Horrific Triangle Fire Deaths Spark Labor Reforms

Triangle Fire and Labor Reform

More than 145 female garment workers died in the 1911 Triangle Fire in New York City, a notorious conflagration that brought to light  the precarious working conditions of sweatshops.  Masses of people, many immigrants, worked long hours in 19th century sweatshops. On March 26, 1911, the consequences burned into the national soul and remain with America to this day.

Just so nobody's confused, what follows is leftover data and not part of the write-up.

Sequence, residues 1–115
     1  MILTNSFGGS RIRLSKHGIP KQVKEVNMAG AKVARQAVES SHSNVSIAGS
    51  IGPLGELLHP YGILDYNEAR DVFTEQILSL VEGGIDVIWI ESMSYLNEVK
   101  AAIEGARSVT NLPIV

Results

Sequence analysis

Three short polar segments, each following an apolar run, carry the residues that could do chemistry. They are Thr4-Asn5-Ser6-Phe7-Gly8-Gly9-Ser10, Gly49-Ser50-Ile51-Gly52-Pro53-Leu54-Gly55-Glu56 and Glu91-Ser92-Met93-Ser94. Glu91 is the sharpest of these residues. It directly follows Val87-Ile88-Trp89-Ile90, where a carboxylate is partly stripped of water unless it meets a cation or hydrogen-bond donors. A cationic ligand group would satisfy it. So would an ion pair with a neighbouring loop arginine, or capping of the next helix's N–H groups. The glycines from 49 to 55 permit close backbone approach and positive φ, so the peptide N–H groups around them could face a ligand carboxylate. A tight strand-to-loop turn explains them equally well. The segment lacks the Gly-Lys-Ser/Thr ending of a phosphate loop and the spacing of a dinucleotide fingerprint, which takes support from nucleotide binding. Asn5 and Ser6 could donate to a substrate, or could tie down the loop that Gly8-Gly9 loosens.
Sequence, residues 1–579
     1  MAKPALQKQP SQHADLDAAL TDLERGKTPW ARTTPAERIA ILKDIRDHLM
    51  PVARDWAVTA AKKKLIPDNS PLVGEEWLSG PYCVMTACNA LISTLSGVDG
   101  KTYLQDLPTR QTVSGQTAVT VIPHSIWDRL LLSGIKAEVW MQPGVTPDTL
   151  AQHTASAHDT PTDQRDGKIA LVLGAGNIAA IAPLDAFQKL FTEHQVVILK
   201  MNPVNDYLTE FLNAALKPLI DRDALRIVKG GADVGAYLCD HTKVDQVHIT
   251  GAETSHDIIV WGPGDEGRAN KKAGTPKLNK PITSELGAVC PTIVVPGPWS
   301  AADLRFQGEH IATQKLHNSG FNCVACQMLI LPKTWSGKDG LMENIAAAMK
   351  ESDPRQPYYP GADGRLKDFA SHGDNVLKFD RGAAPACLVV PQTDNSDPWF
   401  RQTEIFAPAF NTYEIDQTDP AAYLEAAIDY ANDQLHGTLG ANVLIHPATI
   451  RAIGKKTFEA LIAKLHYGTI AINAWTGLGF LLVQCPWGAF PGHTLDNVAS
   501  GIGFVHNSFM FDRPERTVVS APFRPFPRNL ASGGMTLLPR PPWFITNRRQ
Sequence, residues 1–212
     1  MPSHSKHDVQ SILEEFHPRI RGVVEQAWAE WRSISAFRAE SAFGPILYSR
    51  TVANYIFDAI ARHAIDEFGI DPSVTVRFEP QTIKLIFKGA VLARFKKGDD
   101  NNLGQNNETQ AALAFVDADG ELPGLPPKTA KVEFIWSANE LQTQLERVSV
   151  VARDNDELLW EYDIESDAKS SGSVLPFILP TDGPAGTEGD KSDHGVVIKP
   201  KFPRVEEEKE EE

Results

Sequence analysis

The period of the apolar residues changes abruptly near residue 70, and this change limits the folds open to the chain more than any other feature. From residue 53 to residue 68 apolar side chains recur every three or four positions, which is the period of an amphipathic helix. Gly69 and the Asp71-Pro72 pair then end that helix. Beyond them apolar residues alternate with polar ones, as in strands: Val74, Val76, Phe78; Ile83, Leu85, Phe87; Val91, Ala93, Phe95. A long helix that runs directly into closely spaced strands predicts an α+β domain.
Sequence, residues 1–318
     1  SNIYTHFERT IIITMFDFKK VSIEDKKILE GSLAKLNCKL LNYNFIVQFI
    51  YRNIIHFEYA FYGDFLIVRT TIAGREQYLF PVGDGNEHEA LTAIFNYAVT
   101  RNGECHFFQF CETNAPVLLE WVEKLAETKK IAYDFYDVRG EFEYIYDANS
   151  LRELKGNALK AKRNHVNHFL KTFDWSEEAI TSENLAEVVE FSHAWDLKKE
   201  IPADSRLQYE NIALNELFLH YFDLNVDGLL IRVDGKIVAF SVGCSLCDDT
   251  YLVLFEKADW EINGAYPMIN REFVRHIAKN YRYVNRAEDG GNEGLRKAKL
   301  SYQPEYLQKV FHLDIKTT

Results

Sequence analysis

This video details how and why this event happened, and how it ignited the labor movement. In the decades that followed many unions demanded and won long-desired concessions: These included collective bargaining, a 40-hour work week, safe working conditions and other reforms.


Women trapped as New York City building goes up in flames

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